In states as diverse as West Virginia, Florida, and Iowa, decisions regarding the creation, expansion, and possible extinction of charter schools rest with the elected school boards of traditional districts. Such arrangements arise from an entrenched doctrine of local control, which many take to mean that only elected boards can run schools, despite much evidence to the contrary. These boards can also curb enrollment in charters, so as to prevent students from having educational choices beyond their zoned district schools. While it is difficult to examine empirically the impact of school board composition on charter schools, an interesting new working paper makes a novel effort to do so.
School board composition is endogenously determined via the electoral process—meaning, for instance, that factors like district teacher salaries or student performance may influence who runs for office and whom voters ultimately elect. By leveraging a well-established empirical phenomenon called the ballot order effect—which has repeatedly shown that the candidate listed at the top of the ballot gains an electoral advantage—two economists from Syracuse University and the University of Rochester sought to overcome these methodological hurdles. Taking advantage of California’s randomized ballot ordering process, they estimated the causal effects of an additional educator elected to the board (conditional on the share of educators in the candidate pool) on various outcomes, including total enrollment in charter schools within the district, the number of district-authorized charter schools, teacher salaries, student achievement, and high school graduation.
They constructed school board candidate rosters for California spanning nearly two decades, which include each candidate’s vote shares, their ballot position, electoral outcome, and occupational background—which they use to categorize them as educators or not. They merge those records with school district characteristics and other dependent variables, including teacher salaries and student outcomes. Their sample includes over 14,000 candidates in California school board races between 1998 and 2015. Descriptively, 16 percent of candidates were educators and the average share of educators on each school board was 18 percent.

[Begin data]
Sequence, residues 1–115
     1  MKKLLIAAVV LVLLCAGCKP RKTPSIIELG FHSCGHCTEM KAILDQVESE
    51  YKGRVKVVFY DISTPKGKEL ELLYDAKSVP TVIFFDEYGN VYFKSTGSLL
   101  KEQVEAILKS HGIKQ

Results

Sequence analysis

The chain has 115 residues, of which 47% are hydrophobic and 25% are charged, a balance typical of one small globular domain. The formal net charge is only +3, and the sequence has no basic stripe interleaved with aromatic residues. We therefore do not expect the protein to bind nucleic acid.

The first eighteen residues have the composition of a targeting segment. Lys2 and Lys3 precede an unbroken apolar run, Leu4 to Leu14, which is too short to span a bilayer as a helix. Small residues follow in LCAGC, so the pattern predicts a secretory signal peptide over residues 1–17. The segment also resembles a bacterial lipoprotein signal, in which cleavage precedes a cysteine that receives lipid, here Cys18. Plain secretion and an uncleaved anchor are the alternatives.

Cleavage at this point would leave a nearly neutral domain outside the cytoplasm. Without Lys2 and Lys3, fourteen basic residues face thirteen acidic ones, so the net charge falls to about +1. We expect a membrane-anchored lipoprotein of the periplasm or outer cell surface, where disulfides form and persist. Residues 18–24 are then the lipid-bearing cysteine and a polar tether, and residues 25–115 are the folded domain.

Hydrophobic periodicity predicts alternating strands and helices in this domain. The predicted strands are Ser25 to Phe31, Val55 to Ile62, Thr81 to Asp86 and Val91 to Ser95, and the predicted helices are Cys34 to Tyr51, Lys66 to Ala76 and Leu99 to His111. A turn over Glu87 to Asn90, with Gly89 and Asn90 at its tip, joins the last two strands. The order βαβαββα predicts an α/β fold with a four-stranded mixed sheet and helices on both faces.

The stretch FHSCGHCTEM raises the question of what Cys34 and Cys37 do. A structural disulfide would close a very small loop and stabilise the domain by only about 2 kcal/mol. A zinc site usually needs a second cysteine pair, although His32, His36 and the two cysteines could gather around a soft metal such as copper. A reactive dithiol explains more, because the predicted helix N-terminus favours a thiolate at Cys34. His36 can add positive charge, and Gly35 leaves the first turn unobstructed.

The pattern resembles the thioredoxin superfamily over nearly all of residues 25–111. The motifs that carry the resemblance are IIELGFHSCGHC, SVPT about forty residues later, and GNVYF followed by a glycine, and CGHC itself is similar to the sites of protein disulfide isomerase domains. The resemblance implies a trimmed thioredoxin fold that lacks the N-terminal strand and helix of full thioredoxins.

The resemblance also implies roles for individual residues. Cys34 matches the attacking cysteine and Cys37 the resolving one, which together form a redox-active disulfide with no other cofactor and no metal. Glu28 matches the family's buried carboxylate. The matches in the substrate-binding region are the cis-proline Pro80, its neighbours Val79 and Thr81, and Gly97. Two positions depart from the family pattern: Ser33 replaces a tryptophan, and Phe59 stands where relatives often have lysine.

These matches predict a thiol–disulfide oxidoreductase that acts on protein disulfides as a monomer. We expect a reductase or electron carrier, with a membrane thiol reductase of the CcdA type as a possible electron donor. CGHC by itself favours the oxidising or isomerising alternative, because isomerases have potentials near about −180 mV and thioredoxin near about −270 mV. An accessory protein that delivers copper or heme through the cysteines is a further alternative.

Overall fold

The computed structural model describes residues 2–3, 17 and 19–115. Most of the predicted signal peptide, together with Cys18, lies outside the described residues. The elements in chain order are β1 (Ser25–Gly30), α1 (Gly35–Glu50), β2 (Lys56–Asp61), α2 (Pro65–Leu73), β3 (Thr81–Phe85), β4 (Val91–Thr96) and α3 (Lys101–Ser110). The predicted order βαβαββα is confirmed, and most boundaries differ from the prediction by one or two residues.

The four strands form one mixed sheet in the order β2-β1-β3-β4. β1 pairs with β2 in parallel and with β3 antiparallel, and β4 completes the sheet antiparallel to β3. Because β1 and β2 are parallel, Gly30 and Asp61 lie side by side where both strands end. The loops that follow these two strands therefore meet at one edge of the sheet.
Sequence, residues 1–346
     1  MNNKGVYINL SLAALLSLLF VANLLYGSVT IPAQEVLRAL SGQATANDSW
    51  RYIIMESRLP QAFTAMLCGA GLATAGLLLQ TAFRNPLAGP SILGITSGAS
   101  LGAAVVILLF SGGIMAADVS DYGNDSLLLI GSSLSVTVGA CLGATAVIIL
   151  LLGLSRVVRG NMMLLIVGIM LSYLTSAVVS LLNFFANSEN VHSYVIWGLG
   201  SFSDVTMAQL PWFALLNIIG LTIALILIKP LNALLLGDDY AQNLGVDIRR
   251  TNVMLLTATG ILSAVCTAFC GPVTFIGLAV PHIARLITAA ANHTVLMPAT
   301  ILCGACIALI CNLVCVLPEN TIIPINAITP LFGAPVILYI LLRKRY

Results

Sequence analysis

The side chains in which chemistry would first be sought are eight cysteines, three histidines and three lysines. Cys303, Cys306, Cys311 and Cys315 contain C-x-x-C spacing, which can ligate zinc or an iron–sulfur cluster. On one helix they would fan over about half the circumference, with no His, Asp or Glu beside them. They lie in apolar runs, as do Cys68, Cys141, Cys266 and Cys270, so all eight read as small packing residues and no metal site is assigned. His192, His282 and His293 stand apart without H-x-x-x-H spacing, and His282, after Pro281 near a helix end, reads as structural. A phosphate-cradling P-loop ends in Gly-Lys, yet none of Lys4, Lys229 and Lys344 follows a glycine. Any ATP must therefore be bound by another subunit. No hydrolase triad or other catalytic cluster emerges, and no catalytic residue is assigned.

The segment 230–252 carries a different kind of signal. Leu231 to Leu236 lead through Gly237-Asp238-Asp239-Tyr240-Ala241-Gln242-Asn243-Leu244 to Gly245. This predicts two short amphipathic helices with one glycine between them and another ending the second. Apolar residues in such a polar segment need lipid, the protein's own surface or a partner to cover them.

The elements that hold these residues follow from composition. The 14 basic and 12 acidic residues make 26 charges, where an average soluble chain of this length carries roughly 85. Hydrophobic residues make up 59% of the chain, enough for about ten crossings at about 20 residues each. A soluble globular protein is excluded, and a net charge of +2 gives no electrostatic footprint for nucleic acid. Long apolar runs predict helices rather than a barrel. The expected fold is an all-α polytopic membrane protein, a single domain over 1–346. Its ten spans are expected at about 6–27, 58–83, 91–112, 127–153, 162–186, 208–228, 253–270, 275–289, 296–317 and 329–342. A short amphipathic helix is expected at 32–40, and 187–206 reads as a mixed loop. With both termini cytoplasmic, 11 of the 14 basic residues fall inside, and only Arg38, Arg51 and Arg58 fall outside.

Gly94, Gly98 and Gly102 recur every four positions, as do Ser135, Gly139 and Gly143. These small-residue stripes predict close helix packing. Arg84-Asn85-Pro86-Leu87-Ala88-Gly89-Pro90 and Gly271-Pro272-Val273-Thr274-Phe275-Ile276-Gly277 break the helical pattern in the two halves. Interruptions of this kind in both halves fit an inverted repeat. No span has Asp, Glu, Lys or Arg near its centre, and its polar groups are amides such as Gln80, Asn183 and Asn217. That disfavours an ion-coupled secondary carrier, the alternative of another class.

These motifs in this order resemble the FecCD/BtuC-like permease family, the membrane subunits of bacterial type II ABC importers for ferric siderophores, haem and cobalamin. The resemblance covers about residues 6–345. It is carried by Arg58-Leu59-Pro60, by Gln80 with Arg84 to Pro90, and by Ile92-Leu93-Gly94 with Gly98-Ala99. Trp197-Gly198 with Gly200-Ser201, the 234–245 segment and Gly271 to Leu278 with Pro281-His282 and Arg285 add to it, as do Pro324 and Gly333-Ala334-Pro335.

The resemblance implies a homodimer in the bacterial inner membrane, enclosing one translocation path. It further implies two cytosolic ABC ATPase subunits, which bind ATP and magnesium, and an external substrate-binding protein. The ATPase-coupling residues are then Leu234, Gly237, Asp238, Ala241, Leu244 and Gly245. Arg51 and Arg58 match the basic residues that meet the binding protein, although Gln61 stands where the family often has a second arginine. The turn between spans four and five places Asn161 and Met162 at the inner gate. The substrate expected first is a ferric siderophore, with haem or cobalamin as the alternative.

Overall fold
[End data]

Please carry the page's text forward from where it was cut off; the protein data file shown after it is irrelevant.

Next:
There are four key findings. First, an educator randomly assigned to the top of the ballot increases the number of educators elected by 0.14 individuals—an effect that equates to a 26 percent increase—which obviously shifts the composition of the overall board. Second, an additional educator elected to the board reduces charter school enrollment beginning two years post-election, with the effect peaking at four years post-election; whereas the number of charters decreases starting one year after the focal election, and continues linearly through six post-treatment years. Each additional educator elected to the board causes a 3-percentage-point decline in the charter enrollment share and 1.3 fewer charter schools in the district four years after the election. Third, the top ballot assignment leads to increases in certified teacher salaries (about 2 percent on average), which rises over time and shows a simultaneous shift away from capital outlay costs. Presumably reductions in the latter help to fund bumps in pay. Fourth, there are no impacts on high school graduation rates, but small decreases in reading scores are observed in the first three years after the focal election, before rebounding towards zero.
Importantly, survey data show that educators are more likely to be union-endorsed. In many ways, then, these findings reinforce what other studies have found. That is, union representation predicts higher teacher salaries and potentially negative effects on student performance—while also translating to less support for charters. The analysts write, in matter-of-fact fashion, that they interpret their findings “as consistent with educator board members shifting bargaining in favor of teachers’ unions.” Yep, so does this writer.
SOURCE: Ying Shi and John D. Singleton, “School Boards and Education Production: Evidence from Randomized Ballot Order,” Annenberg Institute at Brown University (April 2021).